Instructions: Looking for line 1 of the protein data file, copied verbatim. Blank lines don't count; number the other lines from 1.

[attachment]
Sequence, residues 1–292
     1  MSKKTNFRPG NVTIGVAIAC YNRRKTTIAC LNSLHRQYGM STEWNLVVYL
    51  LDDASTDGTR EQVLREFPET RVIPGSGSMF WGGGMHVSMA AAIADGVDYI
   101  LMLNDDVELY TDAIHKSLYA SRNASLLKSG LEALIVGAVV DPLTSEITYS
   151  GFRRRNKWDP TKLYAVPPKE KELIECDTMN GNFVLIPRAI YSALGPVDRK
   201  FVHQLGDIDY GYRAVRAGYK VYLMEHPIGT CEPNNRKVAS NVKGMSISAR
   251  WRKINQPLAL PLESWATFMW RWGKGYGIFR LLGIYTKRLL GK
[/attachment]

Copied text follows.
Sequence, residues 1–292